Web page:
Date of Award

Fall 2016

Project Type


Program or Major

Natural Resources

Degree Name

Master of Science

First Advisor

Marian K. Litvaitis

Second Advisor

Yvette L. Garner

Third Advisor

Larry G. Harris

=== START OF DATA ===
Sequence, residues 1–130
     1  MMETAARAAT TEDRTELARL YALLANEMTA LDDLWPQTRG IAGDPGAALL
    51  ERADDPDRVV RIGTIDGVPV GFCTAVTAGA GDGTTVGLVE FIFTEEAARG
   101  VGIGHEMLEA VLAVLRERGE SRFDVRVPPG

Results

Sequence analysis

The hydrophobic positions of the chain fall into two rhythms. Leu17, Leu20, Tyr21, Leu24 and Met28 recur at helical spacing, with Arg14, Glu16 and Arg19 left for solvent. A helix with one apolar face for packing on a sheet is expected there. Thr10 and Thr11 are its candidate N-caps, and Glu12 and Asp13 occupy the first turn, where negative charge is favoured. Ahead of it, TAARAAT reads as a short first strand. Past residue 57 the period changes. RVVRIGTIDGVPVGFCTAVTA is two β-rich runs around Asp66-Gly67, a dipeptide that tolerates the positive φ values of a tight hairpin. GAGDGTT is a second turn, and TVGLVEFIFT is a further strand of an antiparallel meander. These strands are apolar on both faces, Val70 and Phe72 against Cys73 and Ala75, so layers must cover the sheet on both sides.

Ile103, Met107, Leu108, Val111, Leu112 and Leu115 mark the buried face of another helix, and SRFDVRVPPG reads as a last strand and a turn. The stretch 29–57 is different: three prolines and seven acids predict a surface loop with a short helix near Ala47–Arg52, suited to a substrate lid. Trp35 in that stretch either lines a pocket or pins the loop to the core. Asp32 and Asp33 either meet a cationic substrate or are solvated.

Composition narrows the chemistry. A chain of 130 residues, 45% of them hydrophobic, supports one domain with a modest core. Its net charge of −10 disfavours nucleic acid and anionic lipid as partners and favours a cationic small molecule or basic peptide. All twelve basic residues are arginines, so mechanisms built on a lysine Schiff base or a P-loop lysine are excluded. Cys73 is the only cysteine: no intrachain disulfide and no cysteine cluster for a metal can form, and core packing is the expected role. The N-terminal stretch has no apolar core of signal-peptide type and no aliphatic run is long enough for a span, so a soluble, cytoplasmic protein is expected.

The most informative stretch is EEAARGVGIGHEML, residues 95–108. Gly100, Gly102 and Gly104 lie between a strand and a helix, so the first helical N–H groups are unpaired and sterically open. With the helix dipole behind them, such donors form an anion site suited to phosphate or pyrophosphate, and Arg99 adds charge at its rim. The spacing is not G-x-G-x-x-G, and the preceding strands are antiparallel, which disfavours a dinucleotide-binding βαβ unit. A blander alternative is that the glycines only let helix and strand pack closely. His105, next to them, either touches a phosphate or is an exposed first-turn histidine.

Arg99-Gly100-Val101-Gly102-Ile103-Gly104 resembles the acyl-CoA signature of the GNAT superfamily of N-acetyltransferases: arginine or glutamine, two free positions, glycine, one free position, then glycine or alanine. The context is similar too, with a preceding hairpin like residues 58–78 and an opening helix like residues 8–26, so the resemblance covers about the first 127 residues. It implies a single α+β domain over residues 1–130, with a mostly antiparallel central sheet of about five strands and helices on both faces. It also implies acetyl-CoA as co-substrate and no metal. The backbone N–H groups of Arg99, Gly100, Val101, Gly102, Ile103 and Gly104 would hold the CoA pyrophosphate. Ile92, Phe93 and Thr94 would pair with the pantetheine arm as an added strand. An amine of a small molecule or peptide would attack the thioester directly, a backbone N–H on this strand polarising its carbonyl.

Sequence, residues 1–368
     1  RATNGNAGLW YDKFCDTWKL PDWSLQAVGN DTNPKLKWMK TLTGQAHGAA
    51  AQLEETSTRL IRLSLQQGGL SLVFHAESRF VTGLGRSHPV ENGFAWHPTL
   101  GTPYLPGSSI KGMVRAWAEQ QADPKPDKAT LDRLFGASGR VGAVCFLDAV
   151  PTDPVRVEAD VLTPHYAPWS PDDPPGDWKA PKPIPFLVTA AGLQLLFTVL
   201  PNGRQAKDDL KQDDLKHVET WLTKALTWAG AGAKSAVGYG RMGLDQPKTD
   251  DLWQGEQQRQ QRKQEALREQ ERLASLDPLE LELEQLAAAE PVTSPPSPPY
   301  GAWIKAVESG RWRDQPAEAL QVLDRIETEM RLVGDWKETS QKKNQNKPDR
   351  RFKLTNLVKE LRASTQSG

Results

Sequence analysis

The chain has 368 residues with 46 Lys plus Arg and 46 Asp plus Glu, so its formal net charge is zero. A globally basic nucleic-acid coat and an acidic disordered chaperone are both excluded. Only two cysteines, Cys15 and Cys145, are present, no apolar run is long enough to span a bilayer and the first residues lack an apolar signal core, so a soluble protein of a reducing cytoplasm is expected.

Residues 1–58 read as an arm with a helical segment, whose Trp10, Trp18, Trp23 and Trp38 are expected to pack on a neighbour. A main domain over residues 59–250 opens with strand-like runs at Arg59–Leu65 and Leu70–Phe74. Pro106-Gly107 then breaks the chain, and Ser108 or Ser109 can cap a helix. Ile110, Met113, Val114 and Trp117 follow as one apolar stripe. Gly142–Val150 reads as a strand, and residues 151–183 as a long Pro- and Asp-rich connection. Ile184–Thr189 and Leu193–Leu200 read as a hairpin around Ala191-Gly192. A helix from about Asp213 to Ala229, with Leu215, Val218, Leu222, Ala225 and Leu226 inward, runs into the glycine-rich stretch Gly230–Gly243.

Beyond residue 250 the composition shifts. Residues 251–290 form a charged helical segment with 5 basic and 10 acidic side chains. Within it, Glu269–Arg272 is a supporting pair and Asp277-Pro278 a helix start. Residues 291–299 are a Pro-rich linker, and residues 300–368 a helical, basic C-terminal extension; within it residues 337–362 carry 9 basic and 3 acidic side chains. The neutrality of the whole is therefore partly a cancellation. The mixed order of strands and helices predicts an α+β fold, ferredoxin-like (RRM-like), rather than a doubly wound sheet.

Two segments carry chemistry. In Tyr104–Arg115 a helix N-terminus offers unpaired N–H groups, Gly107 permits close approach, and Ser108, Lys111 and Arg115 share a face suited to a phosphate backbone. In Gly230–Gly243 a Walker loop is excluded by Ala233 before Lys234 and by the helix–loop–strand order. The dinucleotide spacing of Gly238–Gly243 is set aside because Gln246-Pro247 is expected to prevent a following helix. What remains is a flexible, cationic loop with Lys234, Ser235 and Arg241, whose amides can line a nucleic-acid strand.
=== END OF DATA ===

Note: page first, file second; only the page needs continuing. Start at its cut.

Heterozygote deficiencies have been noted in both wild and farmed populations of Mytilus edulis Linnaeus 1758, yet the underlying causes for this deficit remain unclear. This is especially surprising considering that advantageous fitness traits (i.e., increased fecundity, reduced basal metabolism, higher growth rate in farmed mussels) as well as decreased mortality under environmental stressors (i.e., air exposure, increased water temperature) are positively correlated with heterozygosity in these mussels. The dislodgement hypothesis states that more heterozygous mussels are migrating to the periphery of a rope culture or mussel bed to gain an energetic advantage where they become more susceptible to drop-off. To test this hypothesis, wild and farmed blue mussels were assessed for motility, size, byssal thread attachment strength, byssogenesis, and heterozygosity. There was no correlation between heterozygosity and byssal thread attachment strength or motility in wild or farmed mussels. Consequently, the dislodgement hypothesis is rejected. Instead, shell size was significantly correlated with several byssal thread variables. Size had a positive effect on attachment strength; larger mussels were more firmly attached to the substrate. Smaller mussels abandoned more plaques and produced more byssal threads than large mussels in the wild and farmed populations. Farmed mussels exhibited greater heterozygosity than wild mussels, possibly due to differences in predation risk, population density and size class. Neither heterozygosity nor size had significant effects on motility in either population.